*By tradition anarchists avoided supervisory posts; rank and influence were only to be scorned and their disdain for the policing function left another gap to be filled by the nefarious.

The defence committees remained in operation and were ill-disposed to the interests of the political parties, which hindered the higher committees in their futile struggle to keep everyone on the same side. It was considered that they had outlived their usefulness, so attempts were made to disarm them and bring them under control of the unions. The P.S.U.C., U.G.T. and Esquerra went to work on the old law enforcement professionals, the Civil and Assault Guards, with a view to creating a police force that would serve the politicians rather than the Working Class, as it does everywhere else. A Communist chief of police, Rodriguez Salas was appointed and began stirring it up with a broad stick. The bodies of fascist rebels killed in the July uprising were exhumed and re-interred with great ceremony, to the glee of the nationalist media.

Now Stalin addressed Comrade Caballero in person, in a letter signed also by his Prime Minister Molotov and Defence Minister Voroshlikov. The preamble is a lot of guff about how historical conditions in Spain are propitious for a parliamentary route to socialism. He accedes to Caballero’s requests for military specialists and promises that these will know their place and play a consultative role only. Then he lays down his terms:

“First, the peasants have to be taken into consideration, as they make up a majority of the population in an agricultural country like Spain. Agrarian and fiscal reforms need to be devised that correspond to their interests. It is important to recruit the peasants to the army and create guerrilla detachments that will fight the fascists in their rearguard. Decrees favourable to the peasantry will facilitate recruitment.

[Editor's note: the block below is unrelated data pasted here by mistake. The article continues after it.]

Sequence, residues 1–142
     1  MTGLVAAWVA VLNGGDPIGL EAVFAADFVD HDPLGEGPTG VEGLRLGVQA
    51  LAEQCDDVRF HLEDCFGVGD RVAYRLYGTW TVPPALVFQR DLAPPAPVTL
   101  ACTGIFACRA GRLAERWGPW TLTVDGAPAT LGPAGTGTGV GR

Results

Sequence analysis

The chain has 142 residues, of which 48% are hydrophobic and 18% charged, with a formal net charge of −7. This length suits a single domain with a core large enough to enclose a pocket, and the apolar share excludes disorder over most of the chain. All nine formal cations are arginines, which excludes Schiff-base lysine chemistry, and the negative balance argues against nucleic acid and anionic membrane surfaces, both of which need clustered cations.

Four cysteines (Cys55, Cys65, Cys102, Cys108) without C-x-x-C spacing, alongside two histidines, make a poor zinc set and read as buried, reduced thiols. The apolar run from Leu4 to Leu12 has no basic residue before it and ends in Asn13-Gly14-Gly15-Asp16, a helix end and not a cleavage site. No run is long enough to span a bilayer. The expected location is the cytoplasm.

Second, the small and medium bourgeoisie have to be attracted to the government. If that isn’t possible, they must be neutralized. Toward that end, the bourgeoisie must be protected against any property confiscations and assured freedom of commerce, to whatever degree possible.

Third, leaders of the Republican parties must not be rejected but rather encouraged to work with the government. It is necessary to guarantee the support of Manuel Azaña and his group and to do everything possible to help them overcome their hesitations. These measures are necessary to prevent Spain’s allies from considering it a communist Republic.

Fourth, the Spanish government should inform the press that it will not permit damage to property and the legitimate interests of foreigners living in Spain who are citizens of countries that do not aid the rebels.”

– Josef Stalin, 21st December 1936.

Caballero was in a cleft stick; making a fuss about a Communist takeover would play into the hands of nationalist supporters overseas, especially Britain, and guarantee that Spain would get no help from either side, so he had no choice but to play along with the grand camouflage of the Popular Front. The Communists, on Stalin’s instructions, never held more than two ministries in the government, but they penetrated every level of society, especially the military, and took over the bureaucracy as fast as it was being re-built. They operated discreetly alongside their rivals, playing one against another, until they were in a position to shove them aside. The P.C.E. acquired its own parallel police, prisons and dungeons, and acted without consulting either the Valencia government or the Generalitat, the Russian habit of casually torturing and assassinating enemies in the ‘Cheka’ had been imported. The socialist and anarchist press reported that in Murcia their own people were being tortured as well as suspected fascists.